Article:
Archive for November 2009
In life and art, John Hillcoat takes the road less traveled. Born in Queensland, Australia and raised in the United States, Hillcoat got a crash course in mid-sixties American music and culture from his parents, who took him to folk festivals where Bob Dylan, Leonard Cohen, Joni Mitchell, and old-time blues musicians left a distinct impression. “As a young kid, I was thrown into the sixties in America, which was an unbelievable period, and my parents were very swept up in the civil rights movement,” he recalls. “I remember going on marches and seeing the profound upheaval of that time.” Hillcoat returned Down Under as a teen and, having soaked up the influence of Southern writers like Flannery O’Connor and William Faulkner, as well as Canadian author Michael Ondaatje (The Collected Works of Billy the Kid remains a touchstone), began making short films. While bouncing around Melbourne in the late ’70s, he met Birthday Party front man Nick Cave, who became a close friend and, many years later, an important collaborator on Hillcoat’s critically acclaimed Aussie western The Proposition (2005), which the rock singer wrote and scored. “He watches more films than anyone I know,” says Hillcoat, explaining their natural affinity. “Whereas in my free time I’m listening to music, so there’s another connection I think works.”
Forty-plus years into a still-vital, ever-proliferating filmmaking career, Werner Herzog has aged gracefully into the role of the sage adventurer, still fearlessly exploring the terrain between documentary and fiction as well as the vanishing point between charismatic eccentricity and full-blown psychosis. Born in Munich, raised in the Bavarian Alps, and lumped early on with other avatars of the New German Cinema, Herzog has ceaselessly chronicled the obsessions of dreamers and renegades both real (God’s Angry Man) and imagined (Stroszek, The Wild Blue Yonder), as well as social outcasts whose quest for ecstatic truth leads to madness, self-destruction, or sometimes, in the case of Grizzly Man’s Timothy Treadwell, both. There are those who find Herzog’s documentaries to be the apotheosis of that singular vision, and those who are partial to the fevered collaborations with Klaus Kinski, when Herzog seemed to be placing his own life at risk in order to realize impossible ambitions, just like the protagonists of his twin monuments to crazed hubris, Fitzcarraldo and Aguirre, The Wrath of God. In recent years, he has journeyed to a science colony in Antarctica (Encounters at the End of the World), ringed the jungle canopy with a high-flying inventor (The White Diamond), and revisited the story of downed airman Dieter Dengler (Little Dieter Needs to Fly), this time in fiction (Rescue Dawn). Regardless of whether it makes sense to divide such effulgently individualistic output into separate genres (in this director’s cinema of extremes, we are forever on the brink of both catastrophe and revelation), one thing is certain: only Herzog is ever Herzogian.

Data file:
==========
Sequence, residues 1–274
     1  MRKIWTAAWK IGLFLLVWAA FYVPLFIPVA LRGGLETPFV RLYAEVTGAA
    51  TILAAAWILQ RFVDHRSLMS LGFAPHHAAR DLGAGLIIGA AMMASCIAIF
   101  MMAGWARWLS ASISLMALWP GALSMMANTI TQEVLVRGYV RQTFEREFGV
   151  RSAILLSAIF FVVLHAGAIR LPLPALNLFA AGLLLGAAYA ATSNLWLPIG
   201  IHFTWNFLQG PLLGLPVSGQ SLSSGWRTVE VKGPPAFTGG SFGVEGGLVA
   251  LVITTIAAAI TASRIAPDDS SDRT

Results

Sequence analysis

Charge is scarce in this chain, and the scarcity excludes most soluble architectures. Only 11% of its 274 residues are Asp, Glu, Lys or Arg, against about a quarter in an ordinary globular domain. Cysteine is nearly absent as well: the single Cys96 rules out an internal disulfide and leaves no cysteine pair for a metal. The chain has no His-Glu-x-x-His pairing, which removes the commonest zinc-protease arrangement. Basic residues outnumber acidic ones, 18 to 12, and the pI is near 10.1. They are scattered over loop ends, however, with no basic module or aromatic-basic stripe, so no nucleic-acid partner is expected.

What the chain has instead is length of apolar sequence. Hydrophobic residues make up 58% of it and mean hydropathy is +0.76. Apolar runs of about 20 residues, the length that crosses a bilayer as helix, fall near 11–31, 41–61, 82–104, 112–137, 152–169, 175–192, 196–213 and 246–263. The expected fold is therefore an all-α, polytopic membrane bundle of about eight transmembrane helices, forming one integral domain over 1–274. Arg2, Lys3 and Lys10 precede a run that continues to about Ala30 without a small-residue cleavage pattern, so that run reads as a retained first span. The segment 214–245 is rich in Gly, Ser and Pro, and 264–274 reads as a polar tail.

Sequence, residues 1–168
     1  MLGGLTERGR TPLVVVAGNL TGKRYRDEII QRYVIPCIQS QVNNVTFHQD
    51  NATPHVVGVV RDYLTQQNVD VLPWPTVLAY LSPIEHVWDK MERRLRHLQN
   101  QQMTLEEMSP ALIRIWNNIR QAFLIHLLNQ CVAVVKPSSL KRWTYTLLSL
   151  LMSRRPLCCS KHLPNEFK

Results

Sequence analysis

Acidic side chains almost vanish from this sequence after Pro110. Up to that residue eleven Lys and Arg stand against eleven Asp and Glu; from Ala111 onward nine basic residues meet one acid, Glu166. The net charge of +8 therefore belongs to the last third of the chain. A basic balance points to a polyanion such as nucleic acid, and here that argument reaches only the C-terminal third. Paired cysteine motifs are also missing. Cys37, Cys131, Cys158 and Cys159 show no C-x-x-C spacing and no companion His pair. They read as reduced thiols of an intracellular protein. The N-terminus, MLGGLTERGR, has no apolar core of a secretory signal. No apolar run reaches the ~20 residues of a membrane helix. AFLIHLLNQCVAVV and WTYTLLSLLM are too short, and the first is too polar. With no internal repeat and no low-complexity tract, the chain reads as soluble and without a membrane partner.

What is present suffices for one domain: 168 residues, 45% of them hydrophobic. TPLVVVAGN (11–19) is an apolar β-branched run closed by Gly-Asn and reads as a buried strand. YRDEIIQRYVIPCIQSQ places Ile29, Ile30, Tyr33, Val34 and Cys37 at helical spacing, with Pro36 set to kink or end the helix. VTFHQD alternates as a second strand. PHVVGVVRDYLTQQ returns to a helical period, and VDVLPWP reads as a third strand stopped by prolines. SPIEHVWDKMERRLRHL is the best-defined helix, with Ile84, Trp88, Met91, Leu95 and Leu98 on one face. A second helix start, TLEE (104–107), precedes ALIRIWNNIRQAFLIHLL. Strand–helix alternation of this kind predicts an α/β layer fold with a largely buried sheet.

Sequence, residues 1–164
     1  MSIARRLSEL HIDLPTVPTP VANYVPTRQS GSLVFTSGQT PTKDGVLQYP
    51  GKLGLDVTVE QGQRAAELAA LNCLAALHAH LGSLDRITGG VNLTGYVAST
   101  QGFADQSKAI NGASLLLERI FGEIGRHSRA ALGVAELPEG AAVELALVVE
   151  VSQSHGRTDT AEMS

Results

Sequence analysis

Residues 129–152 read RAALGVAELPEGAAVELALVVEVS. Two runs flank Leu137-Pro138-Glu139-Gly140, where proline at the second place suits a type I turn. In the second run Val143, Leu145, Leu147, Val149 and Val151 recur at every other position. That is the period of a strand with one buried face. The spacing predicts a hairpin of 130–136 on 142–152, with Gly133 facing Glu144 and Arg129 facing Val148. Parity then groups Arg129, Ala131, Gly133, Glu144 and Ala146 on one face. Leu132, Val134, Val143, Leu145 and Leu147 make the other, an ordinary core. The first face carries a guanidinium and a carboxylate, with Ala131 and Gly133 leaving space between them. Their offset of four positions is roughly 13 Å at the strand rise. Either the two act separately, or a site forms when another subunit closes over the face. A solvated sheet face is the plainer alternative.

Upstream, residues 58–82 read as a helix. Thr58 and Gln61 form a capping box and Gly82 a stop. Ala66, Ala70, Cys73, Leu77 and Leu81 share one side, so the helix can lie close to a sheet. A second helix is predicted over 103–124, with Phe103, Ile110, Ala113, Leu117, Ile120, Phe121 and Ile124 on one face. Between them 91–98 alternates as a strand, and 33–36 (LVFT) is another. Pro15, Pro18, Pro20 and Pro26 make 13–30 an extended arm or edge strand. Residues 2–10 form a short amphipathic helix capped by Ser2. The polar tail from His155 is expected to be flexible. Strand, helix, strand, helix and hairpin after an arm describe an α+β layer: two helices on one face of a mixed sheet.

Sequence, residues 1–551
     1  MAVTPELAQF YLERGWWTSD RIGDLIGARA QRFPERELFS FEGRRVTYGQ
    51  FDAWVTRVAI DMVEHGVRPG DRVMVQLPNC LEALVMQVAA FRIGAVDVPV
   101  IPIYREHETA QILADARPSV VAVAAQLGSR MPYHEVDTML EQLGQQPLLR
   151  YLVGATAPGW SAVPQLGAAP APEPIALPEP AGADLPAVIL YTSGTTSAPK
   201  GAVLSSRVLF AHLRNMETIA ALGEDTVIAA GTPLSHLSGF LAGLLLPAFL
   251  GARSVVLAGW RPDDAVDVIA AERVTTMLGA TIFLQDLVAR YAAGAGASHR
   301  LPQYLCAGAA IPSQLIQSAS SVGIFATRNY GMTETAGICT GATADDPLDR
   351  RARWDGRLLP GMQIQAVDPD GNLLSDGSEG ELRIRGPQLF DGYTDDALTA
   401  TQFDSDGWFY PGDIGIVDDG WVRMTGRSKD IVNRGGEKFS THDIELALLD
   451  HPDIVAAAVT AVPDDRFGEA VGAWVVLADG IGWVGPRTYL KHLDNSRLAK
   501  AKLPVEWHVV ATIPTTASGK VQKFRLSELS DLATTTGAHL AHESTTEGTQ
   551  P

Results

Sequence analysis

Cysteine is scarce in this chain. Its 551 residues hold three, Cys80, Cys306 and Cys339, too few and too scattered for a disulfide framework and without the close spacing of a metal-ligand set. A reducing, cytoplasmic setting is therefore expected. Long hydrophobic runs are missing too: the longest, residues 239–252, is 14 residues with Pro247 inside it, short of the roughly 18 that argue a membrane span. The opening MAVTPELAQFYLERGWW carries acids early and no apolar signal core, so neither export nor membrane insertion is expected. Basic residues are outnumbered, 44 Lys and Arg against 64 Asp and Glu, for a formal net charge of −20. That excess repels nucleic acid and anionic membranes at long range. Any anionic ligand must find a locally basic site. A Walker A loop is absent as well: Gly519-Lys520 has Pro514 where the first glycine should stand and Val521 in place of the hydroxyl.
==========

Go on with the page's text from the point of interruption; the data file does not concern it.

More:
Whether you see them as merry pranksters for moral justice or asinine hoaxsters with a hard-on for anti-globalist propaganda, there’s no question that Andy Bichlbaum and Mike Bonanno, better known as the Yes Men, know how to goose the news media and middleminded corporate enterprisers with straight-faced impersonations of legitimate (often nonexistent) Big Biz types. Phony aliases, outlandish PowerPoint presentations, and giant-prop-assisted demos are all in a day’s work for these culture-jamming wags, who’ve punked everyone from Exxon and the World Trade Organization to Mayor Ray Nagin of New Orleans, targeting the logic of free-market capitalism with an eye to boosting a greener, more idealistic society.In September, for instance, on the eve of the U.N. summits on climate change, the satirical activists distributed a fake “Special Climate Edition” of the New York Post with the Rupe-worthy headline WE’RE SCREWED.
In their latest film, The Yes Men Fix the World (co-directed by Kurt Engfehr), the duo create one of their most elaborate stunts, appearing on BBC World in the guise of Dow Chemical who, on the 20th anniversary of the Bhopal disaster, issues an unheard-of mea culpa and announces a $12 billion aid plan to the people sickened long ago by the chemical spillage. Within half an hour, Dow’s stock has plummeted. By the time Bichlbaum (appearing as the ludicrously named rep) has been unmasked, the message about corporate responsibility has filtered through world news outlets, taking on a life of its own.